Palo Alto Commons plans expansion | June 18, 2010 | Palo Alto Weekly | Palo Alto Online |

Palo Alto Weekly

News - June 18, 2010

Palo Alto Commons plans expansion

Commission: Forty-five rental units necessary to house city's graying population

by Sue Dremann

Plans for a 45-unit senior rental-housing development won unanimous recommendation from the Palo Alto Planning and Transportation Commission Wednesday evening, with commissioners citing affordable senior housing as a priority as Palo Alto's population grays.

The new housing would expand the existing Palo Alto Commons, a housing and assisted-living center, and would be located on 0.83 acres at 4041 El Camino Way, adjacent to the current Commons facility.

The existing senior assisted-housing facility has 121 rental units with 140 beds, according to a city staff report. The need for additional affordable senior housing is exemplified by the more than 50 deposits on Palo Alto Commons' waiting list, project architect Rob Steinberg said.

The average age of Commons residents is 87, according to Steinberg.

The facility addresses the needs of a population of seniors who can't afford to move into costlier Palo Alto facilities such as Channing House or Classic Residences by Hyatt (now called "Vi of Palo Alto"), which require huge upfront payments. Many seniors are also beyond the age when they could be accepted to those facilities, said resident Steve Player, who supports the new project.

"This rental opportunity ... was a lifesaver for my mother. She was eligible to move in on a month-to-month basis," he said.

Commissioners gave the Commons Addition project the go-ahead with some caveats and recommended a zoning change from Neighborhood Commercial (CN) and Multi-Family Residential (RM-15) to Planned Community (PC), which would match Palo Alto Commons' current zoning.

Currently, two aging commercial buildings sit on the land.

The PC zone has a controversial history in Palo Alto, as it allows for denser — and typically more lucrative — projects. But making exceptions for the project requires the developer to provide "public benefits" in exchange.

The Commons Addition project proposes to improve a bus stop and access along El Camino Real.

Jennifer Cutler, project manager for the city, said Wednesday that granting the Commons Addition a PC designation would conform to the city's guiding land-use plan. It would also allow for a smooth transition between the existing Palo Alto Commons and the surrounding neighborhood, said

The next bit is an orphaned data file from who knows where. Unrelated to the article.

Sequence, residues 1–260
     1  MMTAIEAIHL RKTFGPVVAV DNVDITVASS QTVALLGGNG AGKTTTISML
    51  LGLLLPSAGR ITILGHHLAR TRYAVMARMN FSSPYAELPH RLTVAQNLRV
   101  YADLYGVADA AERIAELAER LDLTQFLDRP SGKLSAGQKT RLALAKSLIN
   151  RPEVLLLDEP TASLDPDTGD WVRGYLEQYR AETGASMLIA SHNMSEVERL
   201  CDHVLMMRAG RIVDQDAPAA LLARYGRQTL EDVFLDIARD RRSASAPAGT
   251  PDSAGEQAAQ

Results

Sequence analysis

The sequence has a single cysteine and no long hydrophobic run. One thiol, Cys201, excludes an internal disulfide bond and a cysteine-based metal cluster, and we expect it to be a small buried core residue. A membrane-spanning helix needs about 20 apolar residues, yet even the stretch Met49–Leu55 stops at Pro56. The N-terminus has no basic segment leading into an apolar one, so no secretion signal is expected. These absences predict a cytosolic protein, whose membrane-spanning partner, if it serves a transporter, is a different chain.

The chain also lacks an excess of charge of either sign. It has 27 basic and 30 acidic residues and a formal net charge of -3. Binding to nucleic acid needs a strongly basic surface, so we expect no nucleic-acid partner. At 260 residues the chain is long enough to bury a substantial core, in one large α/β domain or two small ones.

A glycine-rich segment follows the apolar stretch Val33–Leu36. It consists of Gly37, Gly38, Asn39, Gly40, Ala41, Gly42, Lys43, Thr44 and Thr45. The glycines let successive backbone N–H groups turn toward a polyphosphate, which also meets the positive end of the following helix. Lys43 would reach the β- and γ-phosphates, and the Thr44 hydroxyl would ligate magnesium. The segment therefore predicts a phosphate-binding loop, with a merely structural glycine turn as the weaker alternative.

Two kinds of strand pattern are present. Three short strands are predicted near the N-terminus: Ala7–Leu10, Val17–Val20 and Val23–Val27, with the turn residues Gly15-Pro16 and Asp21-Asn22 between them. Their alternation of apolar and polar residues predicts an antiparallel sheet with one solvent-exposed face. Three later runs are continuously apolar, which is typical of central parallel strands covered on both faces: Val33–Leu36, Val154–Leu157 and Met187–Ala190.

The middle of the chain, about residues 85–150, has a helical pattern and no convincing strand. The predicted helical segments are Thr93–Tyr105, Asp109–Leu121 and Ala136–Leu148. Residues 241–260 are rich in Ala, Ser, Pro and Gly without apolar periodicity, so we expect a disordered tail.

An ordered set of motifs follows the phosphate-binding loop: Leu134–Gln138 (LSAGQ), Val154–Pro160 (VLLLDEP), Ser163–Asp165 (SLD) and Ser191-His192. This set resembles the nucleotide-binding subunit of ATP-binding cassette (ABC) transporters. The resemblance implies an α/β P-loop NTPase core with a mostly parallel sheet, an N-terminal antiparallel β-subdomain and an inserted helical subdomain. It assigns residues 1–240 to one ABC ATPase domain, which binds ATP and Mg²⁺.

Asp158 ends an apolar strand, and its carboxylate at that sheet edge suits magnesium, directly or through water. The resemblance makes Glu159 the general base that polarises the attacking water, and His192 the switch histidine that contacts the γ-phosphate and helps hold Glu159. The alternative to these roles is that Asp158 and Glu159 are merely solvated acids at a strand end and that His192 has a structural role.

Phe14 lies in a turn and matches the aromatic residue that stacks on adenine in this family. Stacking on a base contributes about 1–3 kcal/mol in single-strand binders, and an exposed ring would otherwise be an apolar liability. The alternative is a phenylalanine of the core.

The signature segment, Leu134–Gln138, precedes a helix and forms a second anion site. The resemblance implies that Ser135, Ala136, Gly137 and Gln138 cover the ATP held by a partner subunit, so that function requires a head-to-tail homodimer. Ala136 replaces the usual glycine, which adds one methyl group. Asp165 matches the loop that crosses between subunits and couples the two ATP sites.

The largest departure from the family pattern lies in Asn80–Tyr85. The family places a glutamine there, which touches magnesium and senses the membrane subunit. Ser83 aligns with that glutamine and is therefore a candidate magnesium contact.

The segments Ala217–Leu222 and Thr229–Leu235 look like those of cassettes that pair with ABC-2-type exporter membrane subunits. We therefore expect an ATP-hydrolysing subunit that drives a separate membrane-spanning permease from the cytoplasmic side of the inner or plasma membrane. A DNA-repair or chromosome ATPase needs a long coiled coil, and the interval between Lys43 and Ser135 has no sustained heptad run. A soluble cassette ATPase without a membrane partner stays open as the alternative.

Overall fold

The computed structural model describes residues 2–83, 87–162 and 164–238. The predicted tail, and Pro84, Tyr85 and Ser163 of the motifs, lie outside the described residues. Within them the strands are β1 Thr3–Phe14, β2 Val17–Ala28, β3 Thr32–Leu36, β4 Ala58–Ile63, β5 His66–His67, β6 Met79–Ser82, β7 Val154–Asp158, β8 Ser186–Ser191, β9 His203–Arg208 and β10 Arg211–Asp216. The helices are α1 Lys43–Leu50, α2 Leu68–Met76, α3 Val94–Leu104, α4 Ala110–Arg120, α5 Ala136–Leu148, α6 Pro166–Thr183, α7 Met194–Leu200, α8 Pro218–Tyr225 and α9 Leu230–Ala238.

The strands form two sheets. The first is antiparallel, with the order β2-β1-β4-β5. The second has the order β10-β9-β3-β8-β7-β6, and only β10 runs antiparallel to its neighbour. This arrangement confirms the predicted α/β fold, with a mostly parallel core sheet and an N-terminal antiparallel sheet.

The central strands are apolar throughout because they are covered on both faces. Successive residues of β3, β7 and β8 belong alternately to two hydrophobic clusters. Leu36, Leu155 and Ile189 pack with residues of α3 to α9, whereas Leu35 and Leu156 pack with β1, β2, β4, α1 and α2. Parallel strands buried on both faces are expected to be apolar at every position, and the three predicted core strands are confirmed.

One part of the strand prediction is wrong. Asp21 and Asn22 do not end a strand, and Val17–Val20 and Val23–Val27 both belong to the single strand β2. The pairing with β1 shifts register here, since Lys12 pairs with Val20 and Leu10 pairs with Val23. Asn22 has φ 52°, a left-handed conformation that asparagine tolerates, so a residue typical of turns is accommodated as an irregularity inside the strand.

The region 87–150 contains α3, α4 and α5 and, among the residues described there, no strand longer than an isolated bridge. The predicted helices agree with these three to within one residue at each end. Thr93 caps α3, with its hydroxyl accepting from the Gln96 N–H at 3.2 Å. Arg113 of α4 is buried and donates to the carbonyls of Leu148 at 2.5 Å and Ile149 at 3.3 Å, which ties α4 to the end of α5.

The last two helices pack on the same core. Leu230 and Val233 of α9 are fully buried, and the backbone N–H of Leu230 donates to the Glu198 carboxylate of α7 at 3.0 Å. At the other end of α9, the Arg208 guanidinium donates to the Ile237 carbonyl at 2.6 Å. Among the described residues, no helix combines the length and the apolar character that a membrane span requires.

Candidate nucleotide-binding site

The building is proposed as a C-shaped structure around a courtyard that preserves a large heritage oak tree. Its design would "step" from two stories to three stories.

Residents living in adjacent Jacobs Court, a 19-home neighborhood with many families with young children, said they oppose the project's 34.5-foot height, which they said would tower above their homes and create the equivalent of a three-story wall.

Residents said developers are comparing their project to other PC-zone projects approved by the city, including the Campus for Jewish Life on Charleston Road, which includes senior housing. But those developments are adjacent to commercial properties or are otherwise separated from residential housing, residents said.

Commissioner Eduardo Martinez said he had visited the Jacobs Court site on Saturday and wants to see developers break down the long block of the third story with a different design.

Commissioner Arthur Keller said he was particularly uneasy with two units directly facing Jacobs Court.

Commissioner Susan Fineberg also had reservations and said the design will need work, but she favored the development.

"There is something very special with this project," she said, adding that additional support services won't be added because they already exist at the other Palo Alto Commons site.